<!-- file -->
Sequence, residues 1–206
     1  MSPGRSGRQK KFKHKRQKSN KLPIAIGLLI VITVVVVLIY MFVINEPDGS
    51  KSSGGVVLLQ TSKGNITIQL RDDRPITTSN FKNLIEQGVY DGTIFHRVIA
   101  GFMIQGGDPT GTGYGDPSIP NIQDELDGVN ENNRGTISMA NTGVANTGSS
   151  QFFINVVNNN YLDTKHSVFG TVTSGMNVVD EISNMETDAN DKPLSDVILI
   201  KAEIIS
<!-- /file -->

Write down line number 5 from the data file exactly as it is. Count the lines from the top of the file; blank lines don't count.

   151  QFFINVVNNN YLDTKHSVFG TVTSGMNVVD EISNMETDAN DKPLSDVILI